Assessing the Age of a Child in the H&C Context
This article explains the case law for determining the age of a child when applying humanitarian and compassionate considerations with respect to the best interest of the child (BIOC).
Humanitarian and compassionate (H&C) considerations, as a means to provide relief for exceptional circumstances, are discretionary. Though each H&C application or plea has its own merits, one factor that must be considered with respect to any H&C application or plea by a decision maker is the best interests of the child (BIOC) directly affected by the determination (IRPA subs. 25(1)).
To assess the BIOC factor, a child must be less than 18 years of age, which was confirmed by the Federal Court in Moya. Age increases as time goes by. However, by law for permanent residence applications, including H&C applications, a child’s age will be locked in at the time when a complete application has been submitted to the applicable immigration authorities (IRPR s.25.1). This means that even if the child turns 18 during the process, they still qualify as a child, for their age to be considered is the time of submission.
H&C relief may be granted to permanent residents who have failed to meet the residency obligation (IRPA para. 28(2)(c)). In such circumstances, if a child turns 18 during the examination process, when the age was “locked” becomes crucial. It defines whether a decision maker is obliged to assess the BIOC factor.
In Deng, the Federal Court provided us with an answer to the issue.
On February 4, 2010, Mr. Deng, a 10-year-old Chinese citizen, born on July 12, 1999, became a permanent resident of Canada. A few days later after becoming a permanent resident, he went back to China. In 2014, at the age of 15, he returned to Canada.
His physical presence in Canada was 296 days in the examined five-year period that fell far short of the required 730 days (IRPA subpara. 28(2)(a)). On June 5, 2015, an inadmissibility report against him was prepared, stating that he failed to comply with the residency obligation. Following that, on October 21, 2015, a departure order was issued.
On November 12, 2015, Mr. Deng, now 16, filed an appeal against the departure order to the Immigration Appeal Division (IAD). He argued that the departure order was invalid, for the officer had failed to consider the BIOC. No evidence in the Appeal Record showed any analysis or rejection on H&C considerations when assessing his residency obligation.
On July 12, 2017, Mr. Deng turned 18. On January 8, 2018, his appeal was heard.
The Minister, the respondent, argued that since the IAD proceeding was de novo (anew) and Mr. Deng was no longer a minor, the IAD should not consider the BIOC. The IAD agreed with Mr. Deng that the officer erred in not considering the BIOC, but it also agreed with the Minister that in Mr. Deng’s case before it, no evidence showed the BIOC to grant special relief.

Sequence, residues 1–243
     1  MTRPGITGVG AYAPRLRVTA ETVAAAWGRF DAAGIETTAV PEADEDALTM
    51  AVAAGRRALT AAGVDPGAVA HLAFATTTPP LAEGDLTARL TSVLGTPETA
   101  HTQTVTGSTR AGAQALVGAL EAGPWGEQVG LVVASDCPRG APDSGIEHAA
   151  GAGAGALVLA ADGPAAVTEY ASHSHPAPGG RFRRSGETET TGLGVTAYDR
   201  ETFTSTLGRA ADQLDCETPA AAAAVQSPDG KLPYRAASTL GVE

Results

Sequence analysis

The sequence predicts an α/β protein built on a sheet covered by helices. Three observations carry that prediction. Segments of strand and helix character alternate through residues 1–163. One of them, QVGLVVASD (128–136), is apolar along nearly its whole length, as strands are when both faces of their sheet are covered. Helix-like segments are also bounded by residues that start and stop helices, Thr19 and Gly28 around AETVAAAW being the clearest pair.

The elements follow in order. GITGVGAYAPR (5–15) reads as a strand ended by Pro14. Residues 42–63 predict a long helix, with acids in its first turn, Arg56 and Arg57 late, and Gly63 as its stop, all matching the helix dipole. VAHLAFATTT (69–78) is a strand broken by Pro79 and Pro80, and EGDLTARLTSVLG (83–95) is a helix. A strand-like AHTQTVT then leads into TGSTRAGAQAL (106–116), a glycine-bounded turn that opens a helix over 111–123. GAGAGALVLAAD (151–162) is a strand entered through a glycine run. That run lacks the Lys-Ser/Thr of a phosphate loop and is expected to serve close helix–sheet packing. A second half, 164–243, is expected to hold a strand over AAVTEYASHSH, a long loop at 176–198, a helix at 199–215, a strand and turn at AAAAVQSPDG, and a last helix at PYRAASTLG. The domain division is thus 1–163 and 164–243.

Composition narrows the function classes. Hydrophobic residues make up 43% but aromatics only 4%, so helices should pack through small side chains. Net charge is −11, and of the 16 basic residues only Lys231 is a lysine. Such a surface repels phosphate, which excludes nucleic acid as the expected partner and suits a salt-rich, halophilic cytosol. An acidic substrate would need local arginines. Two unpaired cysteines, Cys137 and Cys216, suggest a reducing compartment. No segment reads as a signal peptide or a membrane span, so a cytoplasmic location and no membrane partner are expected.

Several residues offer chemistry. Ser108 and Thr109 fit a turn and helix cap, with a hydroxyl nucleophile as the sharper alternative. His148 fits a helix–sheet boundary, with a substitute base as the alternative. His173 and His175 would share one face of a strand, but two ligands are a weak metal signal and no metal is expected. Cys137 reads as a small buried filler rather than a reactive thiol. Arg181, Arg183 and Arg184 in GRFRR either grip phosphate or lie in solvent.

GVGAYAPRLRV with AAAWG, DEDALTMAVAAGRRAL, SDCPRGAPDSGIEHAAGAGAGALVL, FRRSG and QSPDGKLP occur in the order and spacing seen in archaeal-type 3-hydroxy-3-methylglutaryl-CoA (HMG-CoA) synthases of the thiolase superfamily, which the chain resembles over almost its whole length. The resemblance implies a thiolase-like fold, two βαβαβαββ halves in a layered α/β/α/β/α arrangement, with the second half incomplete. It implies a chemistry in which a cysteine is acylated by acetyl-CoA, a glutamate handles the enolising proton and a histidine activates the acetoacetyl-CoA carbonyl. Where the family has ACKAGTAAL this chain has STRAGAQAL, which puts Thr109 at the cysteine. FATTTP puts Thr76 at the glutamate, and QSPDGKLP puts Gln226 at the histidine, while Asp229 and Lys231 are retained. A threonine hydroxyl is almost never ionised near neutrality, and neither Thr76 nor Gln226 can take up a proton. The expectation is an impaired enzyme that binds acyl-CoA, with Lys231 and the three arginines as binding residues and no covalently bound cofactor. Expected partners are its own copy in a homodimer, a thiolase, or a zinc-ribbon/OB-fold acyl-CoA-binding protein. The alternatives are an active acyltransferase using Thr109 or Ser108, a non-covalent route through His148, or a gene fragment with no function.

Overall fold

On January 29, 2018, Mr. Deng’s appeal was dismissed.
Mr. Deng challenged the IAD decision before the Federal Court. His position was that although he was not a child at the IAD hearing, as the officer failed to consider the BIOC, IAD should have set aside the officer’s decision for such an error.
The Federal Court had to decide whether IAD’s disregard of the BIOC was reasonable. The application of the BIOC was at the core of the dispute. To apply the BIOC, an interpretation on Mr. Deng’s age based on the timing of his case must be explored.
The Decision by the Federal Court
The Federal Court set aside IAD’s decision, concluding that the BIOC should have been considered by IAD. By failing to do so, IAD made the same error as the officer.
The Court held the opinion that during the examined five-year period, Mr. Deng was a child, thus the BIOC applied to him. That is the period to decide whether the individual is a child, not at the point when a decision is made. Paragraph 28(2)(c) of the Immigration and Refugees Protection Act (IRPA) requires an officer to consider whether H&C relief applies concerning the breach of the residence obligation. And the BIOC is a mandatory factor to be examined in such an analysis. Since no evidence showed the officer considered the BIOC, the officer made an error.
The Court cited Noh to explain that an individual must have been a child at the time of application and need not be a child on the day of the decision. As the timeframe is solely under the Minister’s control, the Minister could delay processing to avoid the consideration of the BIOC. That is why the time to determine whether a child is a child is not at the time of the decision-making.
IAD’s responsibility is to make the decision that should have been made. It not only has the authority to consider the H&C relief according to paragraph 67(1)(c) of IRPA, it also has the authority to set aside a decision that is wrong in law or fact or in mixed law and fact as per paragraph 67(1)(a) of IRPA. By not applying paragraph 67(1)(a), the IAD made a reviewable error. The Court focused on the application of paragraph 67(1)(c) of IRPA. It pointed out that the IAD, by making its own decision while not considering the BIOC, deprived Mr. Deng of the BIOC assessment. That rendered the IAD’s decision unreasonable.
As children inevitably age and H&C consideration assessments take time, understanding the application of the BIOC concerning a child’s age is necessary. Deng is a case that clarifies how to determine the age of a child when assessing H&C considerations.
This article is for information purposes only and should not be considered legal advice. For details, refer to Deng v. Canada (Citizenship and Immigration), 2019 FC 338 (CanLII),  3 FCR 67.